CHRISTIANITY | Francesc Vicens Vidal: “The Song of the Sibyl is a living and identifying spiritual, social and cultural tradition" #Trànsits

The Office of Religious Affairs (OAR) collaborates with the "Trànsits” cycle organised by the Museu de la Música de Barcelona. Featuring conversations, concerts and liturgies, the cycle explores the role that music plays in the religious practice and spiritual life of several religious communities living in Barcelona. The cycle continues in 2023.

The OAR began collaborating with the Museu de la Música de Barcelona, as it has been doing with the city’s other cultural institutions since 2019, through cycles on matters that affect various religious traditions across the board. This cycle, “Trànsits, la música de l’esperit”, is not just a concert programme but is also about facilitating attendance, participation and the sharing of a set of living practices.


The musicologist Francesc Vicens Vidal spoke about the social, cultural and musical tradition of The Song of the Sibyl in Mallorca, with clergyman Pere Carulla, Rector of the parish churches in the pastoral community of Poble Sec and teacher of religion and the history of art. The discussion brought together musical and historical expertise and the spiritual meaning of this song and was held at the same Parish Church of Santa Madrona.


According to Francesc Vicens “The Song of the Sibyl is a living tradition, which is being regained in many places in the Catalan-speaking lands and can be regarded as an emerging phenomenon”. The song is a “human activity” where verses relating to the Day of Judgement are sung. Although it originated in a liturgical context, today we can also find it outside of these. The song is performed close to Christmas, specifically the Second Vatican Council includes it in its Christmas Eve Mass, known in Mallorca as the Missa de Matines This is also the point when the song specifically comes after the first reading from the Old Testament, usually from Joel or John, and stands out as it is an apocalyptic reading. Francesc also notes that in Mallorca “it cannot be disassociated from the experience of Christmas and forms part of the collective conceptualisation of Christmas, yet long ago it was not only performed on Christmas Eve, but also during important liturgical festivities in the year and around Europe too”.

Francesc Vicens continues by pondering: “Who is the Sibyl? She is an oracle, a seer, with the ability to predict the future”. She is a character who dates back two thousand years and is found in the area of the Aegean Sea. We have seen the names of these great Sibyls painted in the Sistine Chapel by Michelangelo, and on the pavements of Italian cathedrals, for instance in Siena, taking on the name of the geographical places they were linked to: Cumae, Aegyptiaca, Erythraea etc. These characters became very famous as they predicted or foresaw major historical events which would later occur. For instance, the Erythraean Sibyl predicted the coming of Christ.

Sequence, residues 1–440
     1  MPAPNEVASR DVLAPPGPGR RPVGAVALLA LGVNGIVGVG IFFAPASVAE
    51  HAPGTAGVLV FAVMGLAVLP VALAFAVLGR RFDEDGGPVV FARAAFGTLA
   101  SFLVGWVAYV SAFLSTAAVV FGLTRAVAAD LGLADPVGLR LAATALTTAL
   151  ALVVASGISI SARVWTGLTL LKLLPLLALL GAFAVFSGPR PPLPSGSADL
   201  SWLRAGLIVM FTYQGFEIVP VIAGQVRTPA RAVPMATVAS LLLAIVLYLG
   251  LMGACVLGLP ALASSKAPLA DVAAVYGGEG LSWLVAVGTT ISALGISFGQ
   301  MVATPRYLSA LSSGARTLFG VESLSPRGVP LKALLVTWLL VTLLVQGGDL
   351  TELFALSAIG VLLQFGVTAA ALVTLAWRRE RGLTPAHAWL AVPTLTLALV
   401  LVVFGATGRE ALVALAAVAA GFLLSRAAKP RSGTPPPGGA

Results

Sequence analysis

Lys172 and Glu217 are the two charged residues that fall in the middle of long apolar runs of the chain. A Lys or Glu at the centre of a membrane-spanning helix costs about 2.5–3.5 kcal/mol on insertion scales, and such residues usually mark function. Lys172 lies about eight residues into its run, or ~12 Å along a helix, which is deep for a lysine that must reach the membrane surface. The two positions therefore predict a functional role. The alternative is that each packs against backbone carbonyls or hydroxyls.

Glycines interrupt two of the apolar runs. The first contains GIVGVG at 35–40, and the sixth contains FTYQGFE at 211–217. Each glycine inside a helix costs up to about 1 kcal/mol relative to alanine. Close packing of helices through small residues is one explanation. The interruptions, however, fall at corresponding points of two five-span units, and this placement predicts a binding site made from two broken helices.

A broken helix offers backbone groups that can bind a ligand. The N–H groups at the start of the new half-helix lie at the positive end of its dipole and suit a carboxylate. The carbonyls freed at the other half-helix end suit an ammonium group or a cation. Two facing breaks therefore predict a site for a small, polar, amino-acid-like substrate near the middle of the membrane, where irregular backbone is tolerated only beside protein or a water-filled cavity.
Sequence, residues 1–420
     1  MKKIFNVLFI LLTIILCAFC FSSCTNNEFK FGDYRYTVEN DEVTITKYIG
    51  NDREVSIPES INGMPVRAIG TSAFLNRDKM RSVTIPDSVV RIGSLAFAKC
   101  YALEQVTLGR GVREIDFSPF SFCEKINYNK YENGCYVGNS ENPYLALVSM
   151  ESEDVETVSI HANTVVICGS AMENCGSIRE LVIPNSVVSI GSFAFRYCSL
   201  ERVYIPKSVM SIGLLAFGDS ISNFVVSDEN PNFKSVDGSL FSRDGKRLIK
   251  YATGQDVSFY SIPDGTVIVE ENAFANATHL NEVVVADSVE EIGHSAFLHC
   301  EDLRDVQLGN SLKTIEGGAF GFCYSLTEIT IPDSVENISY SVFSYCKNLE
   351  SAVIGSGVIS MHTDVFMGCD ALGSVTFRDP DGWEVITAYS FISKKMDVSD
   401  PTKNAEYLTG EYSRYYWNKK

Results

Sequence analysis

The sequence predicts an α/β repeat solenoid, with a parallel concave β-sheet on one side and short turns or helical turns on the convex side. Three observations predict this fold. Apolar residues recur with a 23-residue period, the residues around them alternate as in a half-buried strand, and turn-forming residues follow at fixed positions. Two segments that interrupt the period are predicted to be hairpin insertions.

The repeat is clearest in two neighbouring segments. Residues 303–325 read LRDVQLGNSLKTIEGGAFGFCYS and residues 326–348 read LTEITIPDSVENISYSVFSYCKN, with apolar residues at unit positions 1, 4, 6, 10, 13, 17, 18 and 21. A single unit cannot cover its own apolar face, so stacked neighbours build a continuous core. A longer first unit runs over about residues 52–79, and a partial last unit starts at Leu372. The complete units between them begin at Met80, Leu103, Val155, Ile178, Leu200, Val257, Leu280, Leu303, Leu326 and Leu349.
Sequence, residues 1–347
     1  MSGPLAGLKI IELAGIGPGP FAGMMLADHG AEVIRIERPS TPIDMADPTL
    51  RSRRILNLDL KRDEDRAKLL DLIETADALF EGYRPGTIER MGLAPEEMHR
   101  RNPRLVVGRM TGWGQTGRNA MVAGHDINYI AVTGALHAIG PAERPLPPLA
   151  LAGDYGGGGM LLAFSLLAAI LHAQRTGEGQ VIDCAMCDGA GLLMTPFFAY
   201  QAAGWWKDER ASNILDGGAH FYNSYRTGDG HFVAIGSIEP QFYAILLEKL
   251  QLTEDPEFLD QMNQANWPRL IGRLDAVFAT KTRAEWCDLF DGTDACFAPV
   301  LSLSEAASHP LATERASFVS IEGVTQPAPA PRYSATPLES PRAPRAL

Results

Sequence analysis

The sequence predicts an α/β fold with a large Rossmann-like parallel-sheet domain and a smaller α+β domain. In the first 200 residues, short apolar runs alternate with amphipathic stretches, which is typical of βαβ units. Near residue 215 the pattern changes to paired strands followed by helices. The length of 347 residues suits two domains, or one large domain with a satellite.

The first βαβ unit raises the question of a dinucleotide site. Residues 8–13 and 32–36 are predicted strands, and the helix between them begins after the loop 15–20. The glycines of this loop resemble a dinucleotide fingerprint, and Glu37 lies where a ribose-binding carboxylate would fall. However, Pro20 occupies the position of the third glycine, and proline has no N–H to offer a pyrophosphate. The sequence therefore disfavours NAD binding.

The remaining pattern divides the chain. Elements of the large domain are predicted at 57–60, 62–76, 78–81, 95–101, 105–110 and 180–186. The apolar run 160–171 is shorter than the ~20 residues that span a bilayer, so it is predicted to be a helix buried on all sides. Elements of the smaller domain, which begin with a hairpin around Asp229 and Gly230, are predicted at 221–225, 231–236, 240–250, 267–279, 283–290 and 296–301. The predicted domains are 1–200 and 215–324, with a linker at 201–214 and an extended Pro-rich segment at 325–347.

This step occurs through Medieval liturgical theatre. These are theatre spectacles, for instance the Procession of Prophets, the Ordo prophetarum, ended with The Song of the Sibyl, and Francesc explains that “this was the final act, the most grandiose, the most eagerly awaited, the most desired”. Therefore, this final representation becomes a unique and isolated act, a representation in itself, regardless of the rest of the performance. This is where the song would acquire this presence and representativeness across Europe as a stable representation.


As Francesc argues “The Song of the Sibyl speaks in bitter-sweet terms, reaching out to us, with an apocalyptic language where the condemned will be judged on the day of reckoning. The text speaks of good, evil, Jesus Christ as the universal king, of the sun losing its light and the Day of Judgement being for everybody, etc.”. Historically, the early texts were in Latin until the 10th or 11th century, and then in various vernacular languages, with the first texts in Catalan appearing in the 13th, 14th and 15th centuries (the first reference in Mallorca is from the end of the 14th century, early 15th century, while versions in early Catalan arrived in the lectionaries of the conquering troops as from 1229). Francesc notes that “the version of the text we will hear today can be found in full in the Alcover Moll dictionary. It is a consensual text established at the end of the 19th century, start of the 20th, at a moment of historical positivism, in an attempt to organise culture”. This is the text which is sung in all the churches in Mallorca. He also points out that “the recovered versions we find elsewhere (Seu d’Urgell, Ontinyent, Barcelona Cathedral etc.) are texts from documents recovered from parish archives.

In addition, all this rather apocalyptic reality, which the actual reality of the last few years has placed us in (pandemic, climate change etc.), explains clergyman Pere Carulla, “would connect with the apocalyptic literature of the New Testament and the Old Testament, linking directly with the language of The Song of the Sibyl This reminds us that we are not immortal, and from the spiritual perspective the song can help us”. “For me the song is an urgent cry in this apocalyptic scenario”, states Francesc.

Pere Carulla notes that the song “is a theatre representation framed in a liturgical time and space, on top of which we as Christians are in a moment of preparation for an event which is far more important: the incarnation of the son of God as a man among others”. He goes on to say that “this is whereThe Song of the Sibyl connects us, also connecting with the mystery of death and the resurrection and the moment of the Day of Judgement. Two moments, two mysteries which connect in the text of The Song of the Sibyl”.